I knew my eyesight had gotten a bit blurry, but I didn’t know how it had effected my age until I went to the eye doctor last Saturday. It was my first eye-only doctor appointment. I remember the charts of letters I had to read at the doctor’s office when I was a kid, but I’d not experienced all the diagnostic machines that they’ve now come up with. However, with all that modern technology, it seemed to me that the ultimate diagnosis came after I was tested on the eye chart. Maybe it was because I exclaimed, “Damn, things have changed since I was 6.” I was truly disappointed at how blurry they now make those small letters, and tiny, so tiny.

At that point, the technician left and the doctor entered. I told him that this was my first eye check-up, and he asked if I was nervous.

“Kind of”


“No, but I could be. I really don’t want to be here.”

And so it went. I told him that I had the 47-year old eye thing going on. “Really, that usually happens at 40. Your eyes are younger than…”

As I thought to myself, “Hold it right there buddy,” my vision cleared and I could see that he was 12 years old. He must have skipped a slew of grades to be his age and legally allowed to wield the drops that dialated my eyes. He kept asking about the party I was going to later (which, by the way, the dialating ruined those chances for a nice sunny BBQ) and how I looked familiar to him. I couldn’t claim that I worked in a nursery school, so I figure he had me mixed up with one of the other adults in his life.

He concluded that all was well with my eyes and commented again on the young eyes thing. I was sent away with instructions to come back for glasses, progressive lenses so that I would have a natural flow between long distance and the up-close kind, since both are on the fuzzy side. I guess “progressive” is preferred over bi-focal , not exactly liberal but better than black and white, this and that.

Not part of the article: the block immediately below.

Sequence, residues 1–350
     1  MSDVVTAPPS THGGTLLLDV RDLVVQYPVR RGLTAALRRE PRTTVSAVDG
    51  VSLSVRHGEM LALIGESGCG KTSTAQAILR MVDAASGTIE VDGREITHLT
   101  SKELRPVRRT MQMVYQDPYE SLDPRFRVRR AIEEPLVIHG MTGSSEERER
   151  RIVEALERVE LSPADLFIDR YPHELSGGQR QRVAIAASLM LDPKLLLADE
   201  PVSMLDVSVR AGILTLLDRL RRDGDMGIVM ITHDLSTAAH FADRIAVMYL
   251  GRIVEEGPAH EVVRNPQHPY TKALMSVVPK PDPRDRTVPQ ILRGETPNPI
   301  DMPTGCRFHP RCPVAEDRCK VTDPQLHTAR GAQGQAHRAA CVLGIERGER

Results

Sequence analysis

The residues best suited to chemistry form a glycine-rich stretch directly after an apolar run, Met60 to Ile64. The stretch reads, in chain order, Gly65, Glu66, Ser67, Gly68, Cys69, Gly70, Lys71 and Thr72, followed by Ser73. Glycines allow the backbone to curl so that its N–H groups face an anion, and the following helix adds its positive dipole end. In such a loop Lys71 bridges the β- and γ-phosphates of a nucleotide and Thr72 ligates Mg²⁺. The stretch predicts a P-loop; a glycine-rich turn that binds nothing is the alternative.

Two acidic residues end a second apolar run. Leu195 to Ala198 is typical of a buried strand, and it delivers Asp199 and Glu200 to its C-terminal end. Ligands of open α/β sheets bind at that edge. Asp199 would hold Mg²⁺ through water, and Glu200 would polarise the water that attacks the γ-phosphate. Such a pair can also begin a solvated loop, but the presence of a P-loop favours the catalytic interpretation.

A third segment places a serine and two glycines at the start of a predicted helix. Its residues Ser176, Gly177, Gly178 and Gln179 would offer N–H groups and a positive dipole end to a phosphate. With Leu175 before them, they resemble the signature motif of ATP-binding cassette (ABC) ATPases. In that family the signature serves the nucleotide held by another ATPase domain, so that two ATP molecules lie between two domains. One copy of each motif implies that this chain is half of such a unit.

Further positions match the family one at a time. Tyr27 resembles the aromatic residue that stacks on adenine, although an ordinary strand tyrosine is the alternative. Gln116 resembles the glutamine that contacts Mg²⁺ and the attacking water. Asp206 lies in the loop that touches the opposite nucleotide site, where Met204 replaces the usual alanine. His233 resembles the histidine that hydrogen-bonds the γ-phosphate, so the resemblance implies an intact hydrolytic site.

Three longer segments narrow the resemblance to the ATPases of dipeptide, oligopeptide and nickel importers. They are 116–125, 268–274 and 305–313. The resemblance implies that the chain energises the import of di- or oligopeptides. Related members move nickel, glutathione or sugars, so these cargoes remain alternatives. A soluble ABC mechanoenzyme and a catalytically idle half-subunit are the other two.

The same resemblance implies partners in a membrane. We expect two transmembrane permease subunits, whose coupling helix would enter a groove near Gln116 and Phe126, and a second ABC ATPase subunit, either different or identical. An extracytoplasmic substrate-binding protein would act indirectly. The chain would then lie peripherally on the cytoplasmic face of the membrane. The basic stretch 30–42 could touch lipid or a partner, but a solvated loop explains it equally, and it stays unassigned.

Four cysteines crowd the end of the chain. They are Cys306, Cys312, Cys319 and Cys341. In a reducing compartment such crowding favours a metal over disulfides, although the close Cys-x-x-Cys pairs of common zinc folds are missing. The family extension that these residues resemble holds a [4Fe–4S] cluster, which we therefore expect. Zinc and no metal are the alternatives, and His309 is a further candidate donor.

I waited a few, maybe several, days to go back to try on glasses and got there near to closing time –by design, I wanted a definite ending to my first experience. Good decision. The older (add 50 years to doctor’s age) male salesman with professional initials that had O. in them talked me out of the cheap section after I’d already seen that the available frames weren’t going to work so well. We got to chatting and I said that I’d never worn glasses before.

“So that’s not really your natural hair color?”

He did, he said that. What is this, upside-down day? Wouldn’t my 20th set of glasses mean I was getting old and my hair gray? I told him in my most polite I-will-ignore-that-you-just-said-something-really-stupid voice, “no, it is natural.” Even though it is irrelevant to my consideration that a man would say that to me in that I’m not part of the Mars-Venus coupling world, I still felt the “a man is never supposed to say that to a woman!” Soon one of his female co-workers started to help out.

He said to her, “This is her first pair of glasses, and she still has her natural hair color.”

I didn’t look up to see her expression. Who knows if I could have with my young old eyes. She did eventually work into the conversation how young I was. I thanked her and said that our family lives a long time, like 99 and 103, and in the big picture, 47 is nothing.

He says, “Oh, your family has (pause) longevity?”

He also said that he had a meeting to go to and I could take some glasses home with me to try out. So they got a parcel for me and I left. The next day I went during a busy time with lots of people there, tried on more with the help of yet a different salesperson, and left with additional pairs to try out on my friends and famly (these by email photos). They all looked like safety glasses to me and had a terrible way of framing and thus accentuating my tired eyes. When the saleswoman said that the bottom of the lense was to rest on the bone under my eyes, I asked if that meant on the puffy part or on the actual bone.  

By late afternoon after consulting my visual expert, I went back with my choice and suffered through the natural-color guy once more. Finally, we came to the end of my much-put-off appointment with eyecare with him saying,

“Just think of all the money you’ve saved not having to pay for glasses all these years, and if you pay in full today, you will save10%. That would be $57. ”

Though my eyes may have more blur to it than 41 years ago, my gaze did not. He quickly got me to the desk with a “Brenda, she wants to do the payment plan.” No mention of my hair color.Here they are